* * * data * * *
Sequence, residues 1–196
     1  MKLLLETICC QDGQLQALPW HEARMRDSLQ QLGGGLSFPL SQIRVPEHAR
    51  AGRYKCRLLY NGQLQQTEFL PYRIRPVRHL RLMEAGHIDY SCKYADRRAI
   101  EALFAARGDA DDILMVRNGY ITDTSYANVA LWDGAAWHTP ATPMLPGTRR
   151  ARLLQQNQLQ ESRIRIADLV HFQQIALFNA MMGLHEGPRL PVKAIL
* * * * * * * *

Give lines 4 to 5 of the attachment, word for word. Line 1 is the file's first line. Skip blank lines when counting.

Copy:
   101  EALFAARGDA DDILMVRNGY ITDTSYANVA LWDGAAWHTP ATPMLPGTRR
   151  ARLLQQNQLQ ESRIRIADLV HFQQIALFNA MMGLHEGPRL PVKAIL